A raft of accusations of sexist behaviour, including harassment and bullying, has emerged in the wake of the resignation of MP Neil Parish for watching pornography in the Commons.
The claims include one minister allegedly having "noisy sex" in his parliamentary office, another reportedly being warned repeatedly for using prostitutes, while one MP allegedly sent a photo of his genitals to a female colleague.
In a report by The Sunday Times, the accusations were recounted in a meeting of the 2022 Committee, described as a "revamp of the Conservative Women in Parliament group", during which more than a dozen women recounted their experiences of misogyny, sexual harassment and bullying.
The meeting was reportedly called following claims by an unnamed Tory MP that Labour's Angela Rayner had routinely crossed and uncrossed her legs in the Commons to distract Boris Johnson, sparking a backlash against misogynistic attitudes in parliament.
Watch: Speaker urges 'radical' reform to working practices in parliament
It was during the meeting that two female MPs claimed they had seen a male MP watching pornography on his phone in the House of Commons.
That MP was later found to be Neil Parish - who stood down on Saturday after being suspended by the Conservative Party the previous day.
But the allegation concerning Parish was just one of a catalogue of claims of inappropriate behaviour by men in parliament.
According to The Sunday Times, one female MP said a minister had referred to her for a number of years by a nickname which implied that she was sexually promiscuous, while another said she was given a payroll job in government only because she "had tits".
A third was asked by a male colleague what she “did for her day job” when she wore a calf-length leather skirt, which she interpreted to be a suggestion that she was dressed like a prostitute.
The revelations come a week after the newspaper reported that 56 MPs were facing allegations of sexual misconduct, including three cabinet ministers and two shadow cabinet ministers.
On Friday, MP Anne-Marie Trevelyan described how she was pinned to a wall by a male colleague who had "wandering hands" and had been "at the sharp end of misogyny" on numerous occasions.
Other claims include allegations that a senior MP has been accused of repeatedly licking the faces of male researchers in parliamentary bars, while last week one MP claimed that a shadow cabinet member had described her as a "secret weapon" because women wanted to be her friend and men wanted to sleep with her, The Sunday Times reported.
The latest revelations around sexual misconduct and inappropriate behaviour in parliament have sparked calls for an overhaul of the employment system for MPs staff, taking power of employment away from MPs themselves.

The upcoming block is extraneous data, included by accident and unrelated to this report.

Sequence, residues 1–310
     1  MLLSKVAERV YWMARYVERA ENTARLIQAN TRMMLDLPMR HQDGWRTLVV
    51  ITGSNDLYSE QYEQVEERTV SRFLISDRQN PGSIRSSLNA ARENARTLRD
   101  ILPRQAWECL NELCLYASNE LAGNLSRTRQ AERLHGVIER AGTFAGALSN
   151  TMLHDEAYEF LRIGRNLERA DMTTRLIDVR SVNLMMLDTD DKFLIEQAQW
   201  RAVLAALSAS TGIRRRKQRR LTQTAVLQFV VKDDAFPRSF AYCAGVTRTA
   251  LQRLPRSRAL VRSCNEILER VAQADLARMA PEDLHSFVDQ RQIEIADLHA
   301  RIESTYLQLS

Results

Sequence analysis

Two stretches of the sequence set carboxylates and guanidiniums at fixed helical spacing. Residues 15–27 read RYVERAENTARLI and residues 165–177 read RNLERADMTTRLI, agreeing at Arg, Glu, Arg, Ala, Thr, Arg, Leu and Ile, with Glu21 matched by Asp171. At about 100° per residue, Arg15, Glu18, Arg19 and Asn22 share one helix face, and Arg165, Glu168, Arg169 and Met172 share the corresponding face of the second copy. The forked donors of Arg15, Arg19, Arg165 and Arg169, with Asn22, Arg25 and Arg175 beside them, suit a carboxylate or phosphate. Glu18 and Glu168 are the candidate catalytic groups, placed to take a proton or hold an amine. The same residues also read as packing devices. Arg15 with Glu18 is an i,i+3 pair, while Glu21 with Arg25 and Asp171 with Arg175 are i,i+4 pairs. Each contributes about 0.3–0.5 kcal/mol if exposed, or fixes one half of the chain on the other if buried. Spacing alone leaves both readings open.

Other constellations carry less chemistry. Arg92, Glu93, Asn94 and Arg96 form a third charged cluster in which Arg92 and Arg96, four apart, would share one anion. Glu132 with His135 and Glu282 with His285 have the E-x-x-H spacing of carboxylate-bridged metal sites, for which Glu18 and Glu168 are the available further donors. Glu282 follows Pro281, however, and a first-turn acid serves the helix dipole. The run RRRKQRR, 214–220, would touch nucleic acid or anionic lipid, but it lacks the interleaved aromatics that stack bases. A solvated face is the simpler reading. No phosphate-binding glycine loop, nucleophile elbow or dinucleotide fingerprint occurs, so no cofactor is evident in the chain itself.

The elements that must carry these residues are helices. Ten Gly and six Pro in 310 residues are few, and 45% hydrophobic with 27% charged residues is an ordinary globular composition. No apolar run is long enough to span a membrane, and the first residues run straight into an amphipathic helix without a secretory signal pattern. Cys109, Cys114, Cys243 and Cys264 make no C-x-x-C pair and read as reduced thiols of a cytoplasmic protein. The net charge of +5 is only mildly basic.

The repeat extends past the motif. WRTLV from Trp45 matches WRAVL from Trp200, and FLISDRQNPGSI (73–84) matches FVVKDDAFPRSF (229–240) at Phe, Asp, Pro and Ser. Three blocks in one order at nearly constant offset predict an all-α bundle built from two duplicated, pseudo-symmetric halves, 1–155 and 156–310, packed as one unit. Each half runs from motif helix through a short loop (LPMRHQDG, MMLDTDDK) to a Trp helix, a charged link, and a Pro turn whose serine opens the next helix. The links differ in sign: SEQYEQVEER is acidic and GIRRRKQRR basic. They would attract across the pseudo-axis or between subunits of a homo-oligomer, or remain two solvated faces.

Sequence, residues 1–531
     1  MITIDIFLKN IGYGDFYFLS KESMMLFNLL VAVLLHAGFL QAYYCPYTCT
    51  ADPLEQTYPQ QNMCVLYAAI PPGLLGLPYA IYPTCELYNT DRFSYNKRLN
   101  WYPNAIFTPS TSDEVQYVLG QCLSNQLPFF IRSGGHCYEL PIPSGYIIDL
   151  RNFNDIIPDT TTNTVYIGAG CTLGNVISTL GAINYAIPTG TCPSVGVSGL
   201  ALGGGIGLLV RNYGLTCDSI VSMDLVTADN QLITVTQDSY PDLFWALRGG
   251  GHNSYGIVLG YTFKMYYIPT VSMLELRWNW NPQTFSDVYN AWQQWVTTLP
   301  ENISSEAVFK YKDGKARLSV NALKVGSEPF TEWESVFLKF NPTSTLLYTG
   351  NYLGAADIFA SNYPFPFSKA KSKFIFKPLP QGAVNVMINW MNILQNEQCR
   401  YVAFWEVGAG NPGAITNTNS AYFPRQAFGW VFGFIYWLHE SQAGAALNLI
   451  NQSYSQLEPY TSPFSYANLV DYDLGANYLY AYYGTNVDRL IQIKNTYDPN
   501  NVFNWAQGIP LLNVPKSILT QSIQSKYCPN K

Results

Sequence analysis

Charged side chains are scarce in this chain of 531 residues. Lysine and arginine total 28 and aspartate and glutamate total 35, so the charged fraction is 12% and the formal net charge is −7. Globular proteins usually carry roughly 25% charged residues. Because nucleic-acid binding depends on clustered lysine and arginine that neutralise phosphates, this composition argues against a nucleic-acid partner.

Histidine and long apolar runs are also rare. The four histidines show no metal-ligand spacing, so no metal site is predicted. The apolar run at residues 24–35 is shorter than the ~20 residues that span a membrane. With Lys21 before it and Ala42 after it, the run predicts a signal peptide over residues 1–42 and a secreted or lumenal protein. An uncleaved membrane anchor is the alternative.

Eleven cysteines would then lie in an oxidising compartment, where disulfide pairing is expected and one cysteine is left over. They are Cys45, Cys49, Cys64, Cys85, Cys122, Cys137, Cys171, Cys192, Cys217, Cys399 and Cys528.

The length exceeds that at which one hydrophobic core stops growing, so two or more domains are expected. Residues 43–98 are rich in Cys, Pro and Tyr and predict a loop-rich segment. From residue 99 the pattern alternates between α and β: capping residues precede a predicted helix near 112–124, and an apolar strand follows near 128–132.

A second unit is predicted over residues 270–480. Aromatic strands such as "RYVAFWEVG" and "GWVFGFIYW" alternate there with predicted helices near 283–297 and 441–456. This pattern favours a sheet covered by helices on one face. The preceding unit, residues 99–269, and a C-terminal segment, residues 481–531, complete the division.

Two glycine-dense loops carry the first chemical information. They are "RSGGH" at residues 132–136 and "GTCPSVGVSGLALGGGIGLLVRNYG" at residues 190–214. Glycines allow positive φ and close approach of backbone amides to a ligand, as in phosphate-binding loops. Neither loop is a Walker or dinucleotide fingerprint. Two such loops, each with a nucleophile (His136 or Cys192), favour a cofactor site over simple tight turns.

Others have suggested a clampdown on the drinking culture in parliament, including shutting down bars in Westminster - a move dismissed by business secretary Kwasi Kwarteng as "excessively puritanical".
Kwarteng insisted on Sunday that parliament is a safe place for women to work, telling the BBC’s Sunday Morning show: "I think we’ve got to distinguish between some bad apples, people who behave badly, and the general environment.
"There are some bad apples, there are people who have acted very badly, and they should be held to account."
Watch: Kwasi Kwarteng says closing parliament's bars would be 'excessively puritanical'
Earlier, Commons speaker Sir Lindsay Hoyle had called for a review of working practices in Westminster.
He told The Sunday Times: "I believe it is time we reviewed our working practices, and particularly whether it is right that individual MPs are the employers of their staff. Should someone else — or an outside body — employ the staff, as long as the MP has the right to choose them?
"This would mean that all new staff would be employed on standard terms and conditions. In addition, if a staff member wanted to report a serious breach of employment practice against an MP, they would not have to go to that very same MP to make that report; and less serious complaints and grievances could be resolved more quickly."
He said it was time "to consider radical action and review structures and processes that could make a difference".
On Sunday, Labour leader Sir Keir Starmer called for behavioural and cultural change to tackle sleaze in Westminster, suggesting Boris Johnson must set a better example for his MPs.
He told Sky’s Sophy Ridge on Sunday: "We need to listen to women and I’ve spoken to a number of women in the last few days and they’re very clear that whilst there does need to be culture change, those who are engaged in this sort of activity, whether it’s comments about Angela Rayner or whether it’s watching porn in the House of Commons, have to take responsibility."